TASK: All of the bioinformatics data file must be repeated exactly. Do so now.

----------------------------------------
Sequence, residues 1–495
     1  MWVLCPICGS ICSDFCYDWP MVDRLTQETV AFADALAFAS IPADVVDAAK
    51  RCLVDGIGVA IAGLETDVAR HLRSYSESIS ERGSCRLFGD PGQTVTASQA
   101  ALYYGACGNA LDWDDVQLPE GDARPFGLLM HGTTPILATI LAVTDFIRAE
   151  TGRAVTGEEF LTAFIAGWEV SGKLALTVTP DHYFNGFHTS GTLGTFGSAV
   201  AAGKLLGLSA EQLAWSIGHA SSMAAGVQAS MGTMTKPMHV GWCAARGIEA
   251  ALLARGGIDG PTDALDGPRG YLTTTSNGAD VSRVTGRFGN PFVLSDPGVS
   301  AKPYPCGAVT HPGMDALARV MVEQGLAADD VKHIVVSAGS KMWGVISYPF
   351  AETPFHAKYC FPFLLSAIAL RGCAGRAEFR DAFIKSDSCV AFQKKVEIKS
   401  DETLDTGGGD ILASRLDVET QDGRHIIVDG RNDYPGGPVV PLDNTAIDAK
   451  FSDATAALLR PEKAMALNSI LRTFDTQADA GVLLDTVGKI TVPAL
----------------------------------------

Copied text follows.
Sequence, residues 1–495
     1  MWVLCPICGS ICSDFCYDWP MVDRLTQETV AFADALAFAS IPADVVDAAK
    51  RCLVDGIGVA IAGLETDVAR HLRSYSESIS ERGSCRLFGD PGQTVTASQA
   101  ALYYGACGNA LDWDDVQLPE GDARPFGLLM HGTTPILATI LAVTDFIRAE
   151  TGRAVTGEEF LTAFIAGWEV SGKLALTVTP DHYFNGFHTS GTLGTFGSAV
   201  AAGKLLGLSA EQLAWSIGHA SSMAAGVQAS MGTMTKPMHV GWCAARGIEA
   251  ALLARGGIDG PTDALDGPRG YLTTTSNGAD VSRVTGRFGN PFVLSDPGVS
   301  AKPYPCGAVT HPGMDALARV MVEQGLAADD VKHIVVSAGS KMWGVISYPF
   351  AETPFHAKYC FPFLLSAIAL RGCAGRAEFR DAFIKSDSCV AFQKKVEIKS
   401  DETLDTGGGD ILASRLDVET QDGRHIIVDG RNDYPGGPVV PLDNTAIDAK
   451  FSDATAALLR PEKAMALNSI LRTFDTQADA GVLLDTVGKI TVPAL